Episode 37: Richard Guilliatt

Richard Guilliatt is an author and staff writer at The Weekend Australian Magazine.

Penmanship podcast episode 37: Richard Guilliatt, interviewed by Andrew McMillen. Published in May 2017.When it comes to the art of writing magazine feature stories, Richard is among Australia’s masters of the form. He has been writing magazine-length articles for more than two decades, and has won a couple of Walkley Awards along the way. His subject matter and profiles are diverse, which he admits is part of the job description when writing for a general interest publication like The Weekend Australian Magazine, where he has been a staff writer since 2006. He has also written two books about vastly different topics, which we explore in some detail in this episode.

I have a close relationship with Richard. Soon after we met for the first time at an investigative journalism conference in 2011, I asked if he would be my mentor. During those six years, his advice has been enormously helpful as I learned how to pitch, structure and write magazine features under his guidance. For the first few years, I would send him drafts of my work before filing to my editors, and his feedback always improved my writing. Richard has been one of the most significant influences in my career as a freelance journalist, and I feel incredibly lucky to have had such a generous and wise ally in my corner. We don’t discuss his mentorship during this episode, but I think it’s important to note here at the beginning.

In March, I visited Richard at his home in Sydney, and our conversation touches on how he comes up with ideas for magazine stories while juggling his own interests and his editor’s suggestions; how an editor at The Age pushed Richard out of his comfort zone as a young journalist, in order to improve his reporting and writing; how he worked as a freelance writer based in New York City for seven years; how he co-wrote a book about a German warship whose mission was to create panic among the Australian public during World War I; and how he became interested in writing about controversial subjects such as repressed memory, and more recently, the deception of public figures such as cancer hoaxer Belle Gibson.

Richard Guilliatt started his journalistic career in 1978 as a cadet reporter on The Truth newspaper, where he excelled at stories about disgraced pop stars and misbehaving headmasters. From 1980-86 he worked at The Australian and The Age newspapers, initially as a news reporter and then as a feature writer and section-editor. In 1986, he moved to New York and freelanced for seven years, writing features for newspapers and magazines including The Sunday Times Magazine, The Independent, New York Times, Washington Post and Los Angeles Times. In 1993, he returned to Australia and joined The Sydney Morning Herald as a feature writer, primarily at Good Weekend magazine. Since 2006, he has been a staff writer at The Weekend Australian Magazine. In 2000, he won the Walkley Award for Best Magazine Feature, for a story in Good Weekend about the Stolen Generations debate. In 2004, his profile of David Gulpilil was included in The Best Australian Profiles (Black Inc). In 2012, his feature on concussion in sports won the Walkley Award for Sports Journalism, and he was shortlisted for Scoop Of The Year in the 2015 Walkley Awards for a series of stories in The Australian which exposed the cancer hoaxer Belle Gibson. Richard is the author of Talk Of The Devil (Text, 1996), a book about the ‘repressed memory’ phenomenon. He is co-author (with Peter Hohnen) of The Wolf (Heinemann, 2009), a work of historical non-fiction which won the Mountbatten Maritime Award in Britain and was shortlisted in the NSW Premier’s Literary Awards.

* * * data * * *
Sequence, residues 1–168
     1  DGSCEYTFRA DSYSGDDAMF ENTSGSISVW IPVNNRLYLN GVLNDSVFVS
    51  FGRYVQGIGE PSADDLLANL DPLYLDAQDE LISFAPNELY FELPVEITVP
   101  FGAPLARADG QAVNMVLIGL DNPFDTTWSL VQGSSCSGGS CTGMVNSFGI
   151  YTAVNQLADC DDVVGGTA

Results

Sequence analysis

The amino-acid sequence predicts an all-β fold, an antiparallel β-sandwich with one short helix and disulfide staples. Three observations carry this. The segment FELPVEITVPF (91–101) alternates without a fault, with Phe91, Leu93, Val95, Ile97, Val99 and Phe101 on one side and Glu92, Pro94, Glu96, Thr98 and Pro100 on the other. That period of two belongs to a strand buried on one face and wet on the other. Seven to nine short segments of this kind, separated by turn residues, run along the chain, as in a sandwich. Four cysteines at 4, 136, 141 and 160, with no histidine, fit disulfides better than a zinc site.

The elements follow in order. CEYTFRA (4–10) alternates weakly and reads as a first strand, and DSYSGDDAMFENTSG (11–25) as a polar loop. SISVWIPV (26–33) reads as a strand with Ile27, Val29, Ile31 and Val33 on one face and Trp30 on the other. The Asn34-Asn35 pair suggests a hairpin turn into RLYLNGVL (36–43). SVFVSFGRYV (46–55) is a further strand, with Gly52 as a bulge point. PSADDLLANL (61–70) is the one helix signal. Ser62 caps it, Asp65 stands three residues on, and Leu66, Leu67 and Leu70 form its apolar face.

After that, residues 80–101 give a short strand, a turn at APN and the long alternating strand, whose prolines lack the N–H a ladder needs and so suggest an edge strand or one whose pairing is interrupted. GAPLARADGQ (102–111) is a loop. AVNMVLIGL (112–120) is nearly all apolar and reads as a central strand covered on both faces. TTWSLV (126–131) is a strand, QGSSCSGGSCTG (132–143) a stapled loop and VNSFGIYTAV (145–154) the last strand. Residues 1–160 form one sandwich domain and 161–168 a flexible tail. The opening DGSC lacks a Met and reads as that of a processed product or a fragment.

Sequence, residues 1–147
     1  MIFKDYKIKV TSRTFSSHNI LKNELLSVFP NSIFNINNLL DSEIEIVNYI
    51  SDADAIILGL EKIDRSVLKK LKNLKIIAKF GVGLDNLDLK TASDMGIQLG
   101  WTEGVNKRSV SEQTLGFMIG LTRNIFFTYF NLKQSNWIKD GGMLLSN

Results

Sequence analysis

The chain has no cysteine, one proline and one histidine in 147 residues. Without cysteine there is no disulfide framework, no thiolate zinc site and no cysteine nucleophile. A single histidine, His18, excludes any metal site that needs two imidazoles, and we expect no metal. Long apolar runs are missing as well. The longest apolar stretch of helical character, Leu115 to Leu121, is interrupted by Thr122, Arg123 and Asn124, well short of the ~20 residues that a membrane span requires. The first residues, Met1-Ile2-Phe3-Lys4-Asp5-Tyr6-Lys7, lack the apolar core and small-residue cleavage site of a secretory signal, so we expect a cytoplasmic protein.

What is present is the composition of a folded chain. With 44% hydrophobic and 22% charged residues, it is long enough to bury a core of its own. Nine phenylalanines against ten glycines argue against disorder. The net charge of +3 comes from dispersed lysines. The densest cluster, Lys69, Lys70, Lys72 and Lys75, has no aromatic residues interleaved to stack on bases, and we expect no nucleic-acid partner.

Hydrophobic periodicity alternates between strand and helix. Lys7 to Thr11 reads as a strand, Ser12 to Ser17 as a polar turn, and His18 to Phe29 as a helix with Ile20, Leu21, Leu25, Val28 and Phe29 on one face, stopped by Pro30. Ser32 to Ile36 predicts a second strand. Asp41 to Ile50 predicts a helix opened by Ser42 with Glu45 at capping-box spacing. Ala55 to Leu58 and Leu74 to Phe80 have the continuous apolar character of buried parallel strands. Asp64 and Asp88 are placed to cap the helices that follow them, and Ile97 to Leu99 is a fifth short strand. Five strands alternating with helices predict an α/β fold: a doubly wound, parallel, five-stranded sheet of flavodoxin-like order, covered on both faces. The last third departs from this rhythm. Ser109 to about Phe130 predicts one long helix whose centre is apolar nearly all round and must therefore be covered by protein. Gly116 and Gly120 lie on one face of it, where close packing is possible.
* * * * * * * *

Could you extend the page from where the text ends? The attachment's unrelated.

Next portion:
Richard Guilliatt on Twitter: @RMGuilliatt

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3.30 When we meet in March, Richard is working on “quite a complicated investigative piece about a criminal case”, which he is hoping to finish with a couple of weeks [NOTE: this story, titled ‘The Unbelievers‘, was published in July 2017]

4.30 Richard first read about this case in September 2016, then discussed it with his editor Christine Middap, and has been working on it on-and-off since then; about six months in total

5.30 “It’s the sort of thing that’s difficult to do unless you’re on you’re actually on staff somewhere, at a place like The Australian